BY PEYTON FINE
The Crimson fall to Nebraska-Omaha in NCAA tournament play.
Harvard entered the NCAA tournament on a roll. They had just won the grueling ECAC tournament to earn a spot in the tournament and were poised to make another run in the NCAA tournament. The road before them looked easy as the Crimson watched the first seed in their region lose just minutes before the puck dropped in their first NCAA tournament game since 2006. Standing in front of Harvard’s trip to the quarterfinals was the University of Nebraska-Omaha, a team that had only won two of their last ten games and had not played a game in over two weeks. However, in postseason hockey, conventional wisdom goes out the window. Hot streaks and time between games takes a backseat to good goaltending and timely penalties. Harvard had neither in its favor.
Two minutes into the first period, the importance of goaltending shone bright. A seemingly harmless shot from just across the blue line was easily stopped by Harvard netminder Steve Michalek ’15. However, Michalek did not cover the puck for a faceoff in Harvard’s defensive zone or turn it away to the boards. Unbeknownst to Mickalek, the puck remained just in front of his left leg pad. The Maverick front line charged in, and in the ensuing mess of bodies the puck was poked into the back of the net to put the Crimson behind early.
After the initial shock of falling behind early, Harvard began to pull the game back to even and grabbed the momentum. However, Omaha goalie Ryan Massa ’15 was giving the Crimson a taste of what was to come, not making any mistakes. Massa kept rebounds to a minimum and turned numerous shots directly to the boards. However, at the end of the period, the second key to postseason hockey—timely penalties—reared its ugly head at the Crimson. With two minutes left in the first period, Harvard Brayden Jaw ’16 was called for a tight tripping call to put the Crimson a man down. Thirty seconds later, Harvard lost another man to a boarding call. With ninety seconds left in the opening period, Harvard found itself playing five-on-three and conceded a second goal.
With Omaha having a two-goal lead in the second period, a slugfest of opposing styles was in order. Harvard, unwilling to go full bore on the offensive to score with so much time remaining, found Omaha already tucked into a defensive shell. The ensuing twenty minutes found the Crimson without enough men forward to trouble the shell of the Mavericks, and the Mavericks refusing to commit men forward in fear of conceding a goal. It led to a period with the fewest shots on goal, no penalties, and an unchanged score line.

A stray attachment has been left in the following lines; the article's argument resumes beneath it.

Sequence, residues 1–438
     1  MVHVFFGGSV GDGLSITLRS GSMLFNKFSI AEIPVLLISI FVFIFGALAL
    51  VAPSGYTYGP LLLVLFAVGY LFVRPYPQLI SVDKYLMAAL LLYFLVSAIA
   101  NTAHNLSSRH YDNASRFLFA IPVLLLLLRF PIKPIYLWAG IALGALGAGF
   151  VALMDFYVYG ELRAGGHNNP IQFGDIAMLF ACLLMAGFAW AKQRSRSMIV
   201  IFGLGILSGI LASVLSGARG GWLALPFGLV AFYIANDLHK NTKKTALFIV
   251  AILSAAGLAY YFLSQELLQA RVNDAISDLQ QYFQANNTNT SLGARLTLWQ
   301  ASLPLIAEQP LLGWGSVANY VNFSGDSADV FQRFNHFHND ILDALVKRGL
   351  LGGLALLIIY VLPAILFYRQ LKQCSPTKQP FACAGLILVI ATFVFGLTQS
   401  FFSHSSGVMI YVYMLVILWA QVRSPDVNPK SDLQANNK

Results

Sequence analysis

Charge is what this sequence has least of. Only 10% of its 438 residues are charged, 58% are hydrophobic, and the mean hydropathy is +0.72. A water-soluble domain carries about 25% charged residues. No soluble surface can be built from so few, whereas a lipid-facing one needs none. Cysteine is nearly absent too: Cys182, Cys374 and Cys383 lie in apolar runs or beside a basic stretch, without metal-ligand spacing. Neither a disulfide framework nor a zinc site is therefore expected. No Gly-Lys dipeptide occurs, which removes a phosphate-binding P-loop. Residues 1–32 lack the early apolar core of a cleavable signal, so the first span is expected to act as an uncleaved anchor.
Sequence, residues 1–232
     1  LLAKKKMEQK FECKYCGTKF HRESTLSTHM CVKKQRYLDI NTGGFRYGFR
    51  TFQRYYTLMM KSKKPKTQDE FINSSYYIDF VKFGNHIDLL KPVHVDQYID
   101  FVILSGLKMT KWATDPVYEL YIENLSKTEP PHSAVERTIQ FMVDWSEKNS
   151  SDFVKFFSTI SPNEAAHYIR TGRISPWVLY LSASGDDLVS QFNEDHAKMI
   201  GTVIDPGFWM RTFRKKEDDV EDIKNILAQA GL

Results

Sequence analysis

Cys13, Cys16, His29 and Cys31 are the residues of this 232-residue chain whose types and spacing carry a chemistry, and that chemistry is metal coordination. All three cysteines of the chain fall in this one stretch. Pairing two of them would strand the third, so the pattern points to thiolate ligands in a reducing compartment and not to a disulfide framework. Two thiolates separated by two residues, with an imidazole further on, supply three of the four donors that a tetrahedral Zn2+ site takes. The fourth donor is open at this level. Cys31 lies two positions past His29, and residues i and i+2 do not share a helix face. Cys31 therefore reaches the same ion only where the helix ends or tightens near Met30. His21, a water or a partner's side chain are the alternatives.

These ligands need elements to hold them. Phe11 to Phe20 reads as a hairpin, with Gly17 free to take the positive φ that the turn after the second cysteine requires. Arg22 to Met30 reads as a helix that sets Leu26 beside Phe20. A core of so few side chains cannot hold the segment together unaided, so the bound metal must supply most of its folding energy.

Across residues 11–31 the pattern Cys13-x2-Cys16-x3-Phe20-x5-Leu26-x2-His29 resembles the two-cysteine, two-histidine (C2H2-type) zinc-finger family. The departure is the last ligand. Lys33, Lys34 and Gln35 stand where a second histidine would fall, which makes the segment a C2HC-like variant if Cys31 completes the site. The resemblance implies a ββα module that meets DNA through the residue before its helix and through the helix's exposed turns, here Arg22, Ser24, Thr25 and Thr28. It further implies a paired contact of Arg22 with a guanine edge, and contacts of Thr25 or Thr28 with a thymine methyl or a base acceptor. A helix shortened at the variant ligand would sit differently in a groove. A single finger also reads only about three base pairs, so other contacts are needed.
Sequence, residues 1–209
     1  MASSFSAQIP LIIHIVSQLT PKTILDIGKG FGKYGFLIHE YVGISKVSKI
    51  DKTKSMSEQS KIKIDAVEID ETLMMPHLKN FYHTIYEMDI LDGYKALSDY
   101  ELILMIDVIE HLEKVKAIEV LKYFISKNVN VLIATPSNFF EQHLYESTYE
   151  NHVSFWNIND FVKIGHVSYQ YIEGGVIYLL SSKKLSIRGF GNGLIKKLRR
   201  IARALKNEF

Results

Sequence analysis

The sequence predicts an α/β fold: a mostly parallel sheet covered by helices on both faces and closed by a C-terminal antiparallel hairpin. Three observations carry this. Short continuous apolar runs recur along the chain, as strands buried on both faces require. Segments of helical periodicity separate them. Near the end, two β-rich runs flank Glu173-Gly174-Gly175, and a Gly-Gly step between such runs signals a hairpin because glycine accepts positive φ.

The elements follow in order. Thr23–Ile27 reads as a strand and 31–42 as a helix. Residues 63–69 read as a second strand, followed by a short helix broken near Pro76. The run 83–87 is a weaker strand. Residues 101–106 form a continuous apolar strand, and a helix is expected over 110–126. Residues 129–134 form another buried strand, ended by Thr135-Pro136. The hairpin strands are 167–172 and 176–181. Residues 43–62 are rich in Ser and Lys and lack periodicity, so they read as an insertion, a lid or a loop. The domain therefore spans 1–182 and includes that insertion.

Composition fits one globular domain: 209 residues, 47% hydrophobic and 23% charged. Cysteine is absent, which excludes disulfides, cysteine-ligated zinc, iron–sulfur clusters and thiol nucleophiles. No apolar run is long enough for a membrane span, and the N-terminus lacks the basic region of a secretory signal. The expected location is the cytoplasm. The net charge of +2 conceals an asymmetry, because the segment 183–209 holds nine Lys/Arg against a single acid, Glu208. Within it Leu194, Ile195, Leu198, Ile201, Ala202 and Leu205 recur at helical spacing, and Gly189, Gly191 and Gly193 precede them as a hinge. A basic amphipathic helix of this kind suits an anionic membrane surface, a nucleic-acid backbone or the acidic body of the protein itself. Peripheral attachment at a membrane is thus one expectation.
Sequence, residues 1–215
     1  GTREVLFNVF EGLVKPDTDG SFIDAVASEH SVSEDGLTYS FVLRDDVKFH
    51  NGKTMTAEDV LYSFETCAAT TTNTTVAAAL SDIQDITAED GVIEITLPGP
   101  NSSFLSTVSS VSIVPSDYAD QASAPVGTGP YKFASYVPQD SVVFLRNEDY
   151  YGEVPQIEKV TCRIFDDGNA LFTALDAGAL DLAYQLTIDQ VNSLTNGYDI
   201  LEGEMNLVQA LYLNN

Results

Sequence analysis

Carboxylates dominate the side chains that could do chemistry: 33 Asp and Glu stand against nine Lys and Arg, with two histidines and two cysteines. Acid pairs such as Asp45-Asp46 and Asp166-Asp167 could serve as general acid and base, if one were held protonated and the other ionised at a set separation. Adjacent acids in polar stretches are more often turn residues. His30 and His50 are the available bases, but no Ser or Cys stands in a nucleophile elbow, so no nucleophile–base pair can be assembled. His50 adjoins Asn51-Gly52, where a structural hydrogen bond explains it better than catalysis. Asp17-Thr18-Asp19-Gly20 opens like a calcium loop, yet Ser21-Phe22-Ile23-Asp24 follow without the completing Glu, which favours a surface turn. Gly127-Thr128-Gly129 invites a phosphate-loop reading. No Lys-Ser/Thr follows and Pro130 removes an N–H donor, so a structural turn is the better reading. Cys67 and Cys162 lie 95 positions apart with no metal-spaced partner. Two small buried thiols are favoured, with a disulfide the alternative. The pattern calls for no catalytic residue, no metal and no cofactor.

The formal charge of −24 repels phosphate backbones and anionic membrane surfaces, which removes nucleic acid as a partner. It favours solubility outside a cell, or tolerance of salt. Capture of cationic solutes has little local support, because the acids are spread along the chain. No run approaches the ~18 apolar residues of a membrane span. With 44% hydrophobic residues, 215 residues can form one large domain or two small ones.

The third period saw the Crimson come out with fire in their eyes and an eye towards offense. Within five minutes, the Harvard had earned its first penalty. It seemed like the tide of postseason hockey necessities could be turning Harvard’s way. However, Omaha’s goalie Massa would follow up his appetizer from the first period with the main course of incredible goal tending. He made saves during Harvard’s first power play to both his glove side and stick side, made saves off the mask and blocker, and visibly frustrated the Crimson. Harvard kept up the pressure, and Jimmy Vesey ’16 struck at the midway point with his nation leading 32nd goal of the year. The Crimson would bring the game to within one at that point and further ramp up the pressure.
With twelve minutes elapsed in the third period, Harvard had already amassed more shots on goal then in the first two period combined. Except for the Vesey goal, none found the back of the net. The game was played almost entirely in Omaha’s defensive zone and looked to continue that way when Harvard was again struck with an untimely penalty. Just after the thirteen minute mark, Harvard’s Colin Blackwell ’16 was called for tripping. Harvard was forced onto the defensive for the next two minutes. After killing off Blackwell’s penalty, Harvard found itself with another penalty. This one on Luke Esposito ’17. The Crimson found itself a goal down and a man down with two minutes remaining. Harvard was forced to go empty net, and they gave up two frivolous goals to take the final score to four to one.
Harvard ends the season with twenty-one wins, the most since 2006, which was also the year of its last trip to the NCAA tournament. Harvard graduates three key players including defensemen in Max Everson and Patrick McNally, and starting goaltender Steve Michalek. But the Crimson should be very strong again offensively especially if Vesey holds off on the NHL again and returns for his senior year. However, in the postseason, it’s more than talent and streaks that matter. Timely penalties and goaltending make the difference, and on this day, the Crimson simply did not have it.
Peyton Fine ’17 (email@example.com) found Harvard’s unceremonious exit tough to swallow, but looks for the Crimson to build on its success.